Laphroaig Quarter Cask Scotch Review


By Richard Thomas

Rating: B+

Laphroaig Quarter Cask

Laphroaig Quarter Cask
(Credit: Beam Suntory)

Laphroaig’s 10 Year Old might be the entry-level expression of that Islay distillery, but it’s the Quarter Cask Single Malt that I hear the most buzz about when it comes to the affordable end of their range. The expression has been around for more than a decade now, and has quite the following.

The irony of that is so much of the Quarter Cask’s flavor is due to its finishing in something that was popularly maligned by American croaker-bloggers just a few years ago, namely small barrels. Some of the same people who excoriated the use of small barrels by American micro-distillers praised the practice to high heaven when it’s used in Islay.

This whisky was matured, reportedly for five or six years on average, in ex-bourbon barrels. Laphroaig then transfers the liquid to quarter casks, which as the name implies are much smaller, for several months of finishing in a warehouse that sits right next to the sea. It is then bottled at a muscular 48% abv.

The Scotch
The whisky looks like liquid gold in the glass, a fine appearance for any Scotch, while the nosing is gloriously oily and ashy, indicative of a total peat bomb. The initial tasting follows up on that promise, delivering flavors that are smoky almost to the extreme, but not so much so as to become overpowering. The wall of smoke leaves room for dashes of cinnamon and other spices, a bit of oakiness, and a spoonful of silky sweetness.

What I found as I continued to sip on the Quarter Cask is these latter characteristics of the whisky came to the forward as my experience went on, washing the smoke almost entirely out of the glass by the end, and making for a very pleasant progression. The finish, however, brings the smokiness back while leaving a long, lingering glow.

It’s easy to see why Laphroaig Quarter Cask has attracted so many fans. For a youngish single malt, it is remarkably complex, and packed with bold flavors to boot. However, it starts out and ends as a big peat bomb, so whisky-drinkers who dislike smoke (and there are plenty of them out there) won’t like it. For diehard peat lovers, however, this expression is an A- rather than a B+.

The Price
Laphroaig Quarter Cask is widely available, and prices are fairly stable. In the U.S., you should usually expect to pay $45 to $50, although officially this should be marked at $55. In the UK, £38 is the rough norm, but in Europe the price is a good deal lower at €32 to €35, presumably due to lower taxes.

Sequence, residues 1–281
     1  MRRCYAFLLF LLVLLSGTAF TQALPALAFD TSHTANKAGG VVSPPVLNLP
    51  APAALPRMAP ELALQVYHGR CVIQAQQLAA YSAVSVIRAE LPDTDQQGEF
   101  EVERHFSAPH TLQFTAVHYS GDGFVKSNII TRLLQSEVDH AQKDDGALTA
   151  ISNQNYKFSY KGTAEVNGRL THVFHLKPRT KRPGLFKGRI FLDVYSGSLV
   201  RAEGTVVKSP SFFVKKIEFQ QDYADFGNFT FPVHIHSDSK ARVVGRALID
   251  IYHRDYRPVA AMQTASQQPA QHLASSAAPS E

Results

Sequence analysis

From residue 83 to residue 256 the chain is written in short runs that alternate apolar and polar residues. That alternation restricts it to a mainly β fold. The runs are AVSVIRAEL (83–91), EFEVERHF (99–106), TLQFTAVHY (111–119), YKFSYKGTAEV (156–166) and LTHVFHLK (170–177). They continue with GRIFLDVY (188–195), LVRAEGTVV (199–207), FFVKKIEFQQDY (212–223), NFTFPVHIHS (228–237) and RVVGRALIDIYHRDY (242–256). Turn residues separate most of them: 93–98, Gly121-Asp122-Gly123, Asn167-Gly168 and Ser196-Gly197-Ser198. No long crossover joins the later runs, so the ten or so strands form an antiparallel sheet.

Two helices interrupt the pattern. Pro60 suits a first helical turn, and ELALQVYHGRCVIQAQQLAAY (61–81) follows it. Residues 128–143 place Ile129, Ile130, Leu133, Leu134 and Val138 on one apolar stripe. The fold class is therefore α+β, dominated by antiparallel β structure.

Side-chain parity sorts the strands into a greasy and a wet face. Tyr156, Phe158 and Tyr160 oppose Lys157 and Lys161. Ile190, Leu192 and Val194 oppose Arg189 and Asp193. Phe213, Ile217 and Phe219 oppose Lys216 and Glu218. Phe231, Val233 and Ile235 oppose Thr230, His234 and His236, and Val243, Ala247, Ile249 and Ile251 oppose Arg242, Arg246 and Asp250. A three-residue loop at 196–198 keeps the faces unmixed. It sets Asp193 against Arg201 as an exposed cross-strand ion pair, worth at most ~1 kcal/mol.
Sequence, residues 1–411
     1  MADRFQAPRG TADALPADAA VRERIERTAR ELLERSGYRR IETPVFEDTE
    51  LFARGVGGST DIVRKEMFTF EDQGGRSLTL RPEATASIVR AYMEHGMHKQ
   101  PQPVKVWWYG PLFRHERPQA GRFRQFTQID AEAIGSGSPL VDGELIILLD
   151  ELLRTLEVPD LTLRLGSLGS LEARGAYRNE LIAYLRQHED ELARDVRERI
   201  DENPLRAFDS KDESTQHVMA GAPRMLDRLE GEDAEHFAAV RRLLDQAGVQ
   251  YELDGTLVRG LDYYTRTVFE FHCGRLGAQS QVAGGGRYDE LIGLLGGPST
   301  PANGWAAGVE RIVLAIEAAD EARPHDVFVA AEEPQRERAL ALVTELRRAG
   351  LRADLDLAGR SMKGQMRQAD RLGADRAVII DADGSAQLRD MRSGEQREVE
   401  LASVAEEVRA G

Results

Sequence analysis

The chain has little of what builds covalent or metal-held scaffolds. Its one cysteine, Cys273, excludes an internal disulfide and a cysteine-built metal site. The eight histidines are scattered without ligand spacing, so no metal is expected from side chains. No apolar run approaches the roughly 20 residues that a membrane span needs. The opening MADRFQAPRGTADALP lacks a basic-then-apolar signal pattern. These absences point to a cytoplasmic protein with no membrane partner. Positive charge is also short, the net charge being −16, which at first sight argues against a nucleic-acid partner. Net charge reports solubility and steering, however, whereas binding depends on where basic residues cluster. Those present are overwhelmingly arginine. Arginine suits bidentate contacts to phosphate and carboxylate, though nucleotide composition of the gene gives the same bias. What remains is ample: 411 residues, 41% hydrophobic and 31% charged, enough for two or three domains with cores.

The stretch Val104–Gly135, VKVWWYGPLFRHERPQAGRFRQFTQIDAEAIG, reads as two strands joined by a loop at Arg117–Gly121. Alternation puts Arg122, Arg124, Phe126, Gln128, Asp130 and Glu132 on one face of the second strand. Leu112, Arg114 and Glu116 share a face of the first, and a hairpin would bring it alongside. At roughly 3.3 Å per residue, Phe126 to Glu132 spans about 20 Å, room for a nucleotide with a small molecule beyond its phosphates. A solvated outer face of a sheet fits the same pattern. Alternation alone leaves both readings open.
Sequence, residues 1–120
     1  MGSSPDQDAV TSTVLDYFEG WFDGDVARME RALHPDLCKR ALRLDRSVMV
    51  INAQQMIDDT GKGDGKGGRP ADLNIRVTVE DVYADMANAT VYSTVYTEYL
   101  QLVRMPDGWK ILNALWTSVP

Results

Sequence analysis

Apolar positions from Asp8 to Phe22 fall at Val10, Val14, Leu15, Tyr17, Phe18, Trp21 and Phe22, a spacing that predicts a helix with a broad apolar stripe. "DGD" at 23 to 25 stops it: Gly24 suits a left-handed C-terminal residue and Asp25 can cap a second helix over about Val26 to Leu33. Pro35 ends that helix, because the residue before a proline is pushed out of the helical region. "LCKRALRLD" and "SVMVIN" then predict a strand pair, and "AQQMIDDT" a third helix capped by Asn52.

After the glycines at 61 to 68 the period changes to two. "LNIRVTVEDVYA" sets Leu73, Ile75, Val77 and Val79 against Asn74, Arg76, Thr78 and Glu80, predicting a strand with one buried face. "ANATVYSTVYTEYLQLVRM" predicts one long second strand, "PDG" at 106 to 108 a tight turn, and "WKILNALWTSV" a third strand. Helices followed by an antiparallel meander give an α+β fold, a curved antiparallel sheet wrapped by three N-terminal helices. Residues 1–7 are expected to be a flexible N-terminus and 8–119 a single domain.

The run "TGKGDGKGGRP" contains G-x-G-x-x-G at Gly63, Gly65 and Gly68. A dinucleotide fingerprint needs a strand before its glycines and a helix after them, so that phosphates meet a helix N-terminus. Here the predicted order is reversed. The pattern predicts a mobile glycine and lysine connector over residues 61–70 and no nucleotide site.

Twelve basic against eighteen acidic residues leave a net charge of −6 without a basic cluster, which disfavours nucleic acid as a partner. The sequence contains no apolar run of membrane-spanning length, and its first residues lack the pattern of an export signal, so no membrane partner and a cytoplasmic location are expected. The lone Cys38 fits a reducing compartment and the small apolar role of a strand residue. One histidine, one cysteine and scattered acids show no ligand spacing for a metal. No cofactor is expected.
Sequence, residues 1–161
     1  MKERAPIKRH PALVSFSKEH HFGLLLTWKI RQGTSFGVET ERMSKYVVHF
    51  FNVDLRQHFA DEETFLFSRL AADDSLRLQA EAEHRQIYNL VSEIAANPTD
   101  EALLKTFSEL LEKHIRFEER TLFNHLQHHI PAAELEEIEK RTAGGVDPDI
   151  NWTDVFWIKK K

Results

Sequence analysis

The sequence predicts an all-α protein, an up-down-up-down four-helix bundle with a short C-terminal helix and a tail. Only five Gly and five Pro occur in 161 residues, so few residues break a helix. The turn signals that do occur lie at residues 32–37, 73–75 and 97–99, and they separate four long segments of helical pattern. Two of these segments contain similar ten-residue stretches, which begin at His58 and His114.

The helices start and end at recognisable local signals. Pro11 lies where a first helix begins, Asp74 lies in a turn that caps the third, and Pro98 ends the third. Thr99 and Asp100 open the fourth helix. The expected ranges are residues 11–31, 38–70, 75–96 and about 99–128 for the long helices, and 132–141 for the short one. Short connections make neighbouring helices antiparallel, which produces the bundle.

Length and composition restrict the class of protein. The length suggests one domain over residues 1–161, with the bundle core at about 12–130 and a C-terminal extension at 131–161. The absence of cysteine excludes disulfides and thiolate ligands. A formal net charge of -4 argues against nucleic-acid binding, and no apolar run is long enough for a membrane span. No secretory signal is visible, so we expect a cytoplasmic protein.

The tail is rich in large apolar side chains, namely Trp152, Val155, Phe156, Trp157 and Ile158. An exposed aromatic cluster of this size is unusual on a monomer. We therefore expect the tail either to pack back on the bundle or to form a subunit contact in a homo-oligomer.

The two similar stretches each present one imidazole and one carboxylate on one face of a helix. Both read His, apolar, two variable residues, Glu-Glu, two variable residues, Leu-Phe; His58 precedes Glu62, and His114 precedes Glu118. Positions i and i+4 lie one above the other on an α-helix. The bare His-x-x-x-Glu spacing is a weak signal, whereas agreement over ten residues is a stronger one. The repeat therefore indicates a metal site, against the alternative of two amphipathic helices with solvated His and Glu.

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  1. Hi Richard,

    I believe that the quarter casks used are approximately 125 liters (i.e. a quarter of a sherry butt), so they are not as small as those used by some microdistillers. They certainly do the job, though. I lamented the loss of the similarly finished Ardmore traditional cask; sadly it reappeared as a repackaged Travel Retail exclusive (at a higher price point I am sure).

    • Carlton — True, but the standard American bourbon barrel is 53 gallons/200 liters, and a common small barrel type for American micro-distillers is around 30 gallons/113 liters.

    • @Editor — I doubt that any US micro-distillers using barrels as large as 30 gallons are coming under attack from American “croaker bloggers.” Hudson uses 3 gallon barrels. Woodinville uses 8 gallon barrels. These are the kinds of micro-distillers that complaints have been made about. And these micro-distillers do ALL of the aging of their whiskey in tiny barrels. That of course is a completely different thing than “finishing” whiskey in smaller barrels after it has been aged for as long as five years in full-sized barrels. So, honestly, your analogy was completely ill-conceived.

    • Sadly, I’ve seen plenty of commentary on this subject, dating back several years, that was neither as specific or as informed as your own. Such vitriol rarely is. Insofar as the finishing point, you aren’t wrong, but it bears considering that five years in the warehouse isn’t a long time at all in Scottish terms. That quarter-cask finish is what makes this expression. So, there really is nothing in the article that isn’t very well-founded.

  2. What is going on here are some people don’t like being confronted with some of the hypocritical opinions absorbed from their favorite blowhards.

  3. I was going to comment on how much I love Laphroaig Quarter Cask, and then saw this bunk from Moretears. It might have been true that tiny barrels were more common back in the early days, when Chuck Cowdery was hating on the whole scene (and probably where this guy gets all his information), but even then they weren’t the norm. Even there, he is wrong. Hudson uses 3 gallon to 14 gallon barrels, not just 3’s alone. Nowadays, hardly anyone used tiny barrels. I’ve been to 9 micros in the last year or so, and all of them used ASBs or 25 gallon barrels.

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